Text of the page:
What You Should Know Before Getting a Chemical Peel
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Brides-to-be and grandmas alike are getting chemical peels. This popular dermatological procedure applies various active ingredients typically to the face to shed damaged skin cells and reduce the signs of wrinkles, pigmentation, and acne scars. If you’re considering a chemical peel, what kind of results should you expect? Can this treatment for sun damage actually help prevent skin cancer? Are chemical peels effective for dark skin?
“They can be safe for all skin types and colors,” says Shasa Hu, M.D., cosmetic dermatologist with the University of Miami Health System. “Believe it or not, my patients seeking chemical peels range from their early 20s to late 70s. Some simply want brighter, glowing, smoother skin. Others are seeking relief from acne scars, sun damage, or crows’ feet.”
Who should avoid chemical peels?
For safety reasons, pregnant women or lactating mothers, people with known sensitivity to the ingredients, those undergoing radiation treatment for skin cancer, and anyone with a severe epidermal condition that increases sensitivity, such as skin lupus, should not get this treatment.
Can a chemical peel really improve the look of your skin?
The results of a chemical peel depend on the type and severity of the skin condition being treated, the type and concentration of the chemicals, and skin sensitivity. Some of the active ingredients penetrate below the epidermis, while others are intended to stay on top of the skin.
“Most superficial chemical peels used to brighten the complexion, for example, take only one session with glycolic acid to increase collagen production and improve skin elasticity. To treat acne scars, on the other hand, we recommend a series of three to five peels, six to eight weeks apart,” Dr. Hu says. “We start conservatively then gradually become more aggressive with the treatment. I discuss this with patients to manage their expectations of the results and side effects.”
Are there side effects to chemical peels?
Immediately following a chemical peel of any type, you should expect a little redness on the outer layer of skin like a mild sunburn, at the very least, for a couple days, possibly with some peeling. More severe reactions involve 10 days of healing with peeling and/or scabbing. “The degree of irritation depends on how deep the peel is and the skin’s sensitivity,” Dr. Hu says. “When we apply only a single chemical agent, the peel typically has a predictably mild reaction. When the treatment is too aggressive, chemical peels can cause scarring.”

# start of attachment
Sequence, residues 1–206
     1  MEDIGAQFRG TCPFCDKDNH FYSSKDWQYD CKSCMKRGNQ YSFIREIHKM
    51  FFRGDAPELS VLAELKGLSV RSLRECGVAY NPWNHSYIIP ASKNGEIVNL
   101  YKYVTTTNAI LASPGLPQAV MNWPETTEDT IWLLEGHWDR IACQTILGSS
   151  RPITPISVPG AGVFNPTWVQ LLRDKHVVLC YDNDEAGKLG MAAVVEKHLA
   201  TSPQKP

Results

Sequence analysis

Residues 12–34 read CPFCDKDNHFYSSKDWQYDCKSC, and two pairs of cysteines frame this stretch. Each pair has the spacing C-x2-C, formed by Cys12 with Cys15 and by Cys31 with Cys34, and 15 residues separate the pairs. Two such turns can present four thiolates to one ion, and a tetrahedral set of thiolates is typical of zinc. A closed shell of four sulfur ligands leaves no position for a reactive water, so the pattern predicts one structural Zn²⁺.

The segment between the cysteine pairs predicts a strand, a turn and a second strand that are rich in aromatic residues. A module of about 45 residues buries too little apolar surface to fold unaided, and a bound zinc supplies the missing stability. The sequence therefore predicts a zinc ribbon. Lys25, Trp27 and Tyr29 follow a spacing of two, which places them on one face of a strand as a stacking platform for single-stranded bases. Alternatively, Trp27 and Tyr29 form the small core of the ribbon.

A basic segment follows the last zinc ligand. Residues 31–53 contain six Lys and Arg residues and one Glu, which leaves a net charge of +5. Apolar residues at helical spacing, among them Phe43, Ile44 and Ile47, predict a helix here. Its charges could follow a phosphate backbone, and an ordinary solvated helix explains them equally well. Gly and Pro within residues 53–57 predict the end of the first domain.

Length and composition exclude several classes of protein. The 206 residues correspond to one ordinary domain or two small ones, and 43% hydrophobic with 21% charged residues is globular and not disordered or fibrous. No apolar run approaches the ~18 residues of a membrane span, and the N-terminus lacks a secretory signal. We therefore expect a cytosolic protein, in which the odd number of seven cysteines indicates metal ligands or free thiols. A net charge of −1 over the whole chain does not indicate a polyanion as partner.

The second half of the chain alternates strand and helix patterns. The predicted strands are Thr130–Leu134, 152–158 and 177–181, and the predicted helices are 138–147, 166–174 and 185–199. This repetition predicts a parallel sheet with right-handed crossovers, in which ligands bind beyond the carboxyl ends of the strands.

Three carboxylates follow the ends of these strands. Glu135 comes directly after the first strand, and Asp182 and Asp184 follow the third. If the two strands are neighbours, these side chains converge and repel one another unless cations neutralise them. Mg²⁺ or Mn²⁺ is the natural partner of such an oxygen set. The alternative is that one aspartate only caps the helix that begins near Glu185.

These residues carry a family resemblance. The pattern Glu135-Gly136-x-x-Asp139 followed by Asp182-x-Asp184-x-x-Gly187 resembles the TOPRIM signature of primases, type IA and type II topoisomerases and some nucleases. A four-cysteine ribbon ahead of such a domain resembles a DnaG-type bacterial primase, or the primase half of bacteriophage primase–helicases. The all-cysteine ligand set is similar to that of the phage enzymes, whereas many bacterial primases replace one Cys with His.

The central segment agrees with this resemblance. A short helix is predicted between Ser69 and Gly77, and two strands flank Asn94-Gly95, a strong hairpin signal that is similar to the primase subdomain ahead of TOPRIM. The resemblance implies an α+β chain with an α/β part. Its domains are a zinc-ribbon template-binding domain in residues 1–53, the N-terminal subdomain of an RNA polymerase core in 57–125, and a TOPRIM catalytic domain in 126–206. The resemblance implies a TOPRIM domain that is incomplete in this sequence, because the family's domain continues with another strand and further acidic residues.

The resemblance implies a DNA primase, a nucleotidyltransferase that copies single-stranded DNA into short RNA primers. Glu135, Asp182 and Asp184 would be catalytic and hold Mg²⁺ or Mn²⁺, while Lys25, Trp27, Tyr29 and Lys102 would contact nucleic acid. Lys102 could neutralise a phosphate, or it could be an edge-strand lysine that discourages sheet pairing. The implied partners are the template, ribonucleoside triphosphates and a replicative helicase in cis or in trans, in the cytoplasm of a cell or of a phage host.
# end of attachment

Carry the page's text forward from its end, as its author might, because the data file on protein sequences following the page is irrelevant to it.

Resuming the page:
How to get the most out of this treatment
Before you schedule an appointment with a dermatologist or medi-spa aesthetician, ensure your skincare routine prepares your face for the best results. “Otherwise, it’s like going to the dentist when you never brush your teeth,” says Dr. Hu. Start each day with a gentle cleanser, hydrating moisturizer, and sunscreen with at least SPF 35. “Without a daily skincare routine that includes sunscreen, chemical peels will stress the skin and cause damage. Chemical peels are effective only with combined efforts of prevention.”
To prevent additional irritation following a chemical peel, stop applying topical medications and skin care products with certain ingredients, like retinols, three to five days before any type of chemical peel. Your provider can discuss exactly which products to discontinue or pause before and during your treatment session(s).
Chemical peels can serve as preventive medicine.
Beyond reducing pigmentation and preventing wrinkles, chemical peels are used to help prevent the development of skin cancer in sun-damaged skin.
Those with severe sun damage are at higher risk for developing skin cancer. Pre-skin cancer cells (premalignant) cause lesions known as actinic keratosis. “There’s evidence that glycolic acid and trichloroacetic acid (TCA) peels can help reverse and treat this keratosis on the face, arms, and chest, which are common areas for this form of pre-skin cancer,” Dr. Hu says.
“These peels are not a cure nor treatment for skin cancer, but can treat the potential precursors for skin cancer in severely sun-damaged skin. Patients will see an improvement, but peels cannot provide a 100 percent reversal of sun damage.”
Chemical peels can also help control and treat certain kinds of acne.
“We use this treatment to provide temporary relief of comedonal acne (blackheads and whiteheads) and inflammatory acne (clogged pores caused by bacteria),” says Dr. Hu. “Peels can open and unclog pores, reduce pigmentation caused by earlier acne, and reduce excessive oil production.
“Chemical peels are not appropriate to treat cystic acne (red, angry bumps deep under the skin). That type of acne requires aggressive medical treatment. So, don’t go to a medi-spa; see a dermatologist.”
If you’re ready to speak with an experienced dermatologist to learn if a chemical peel is right for your skin, contact UHealth’s cosmetic dermatology department.
Dana Kantrowitz is a contributing writer for UMiami Health News.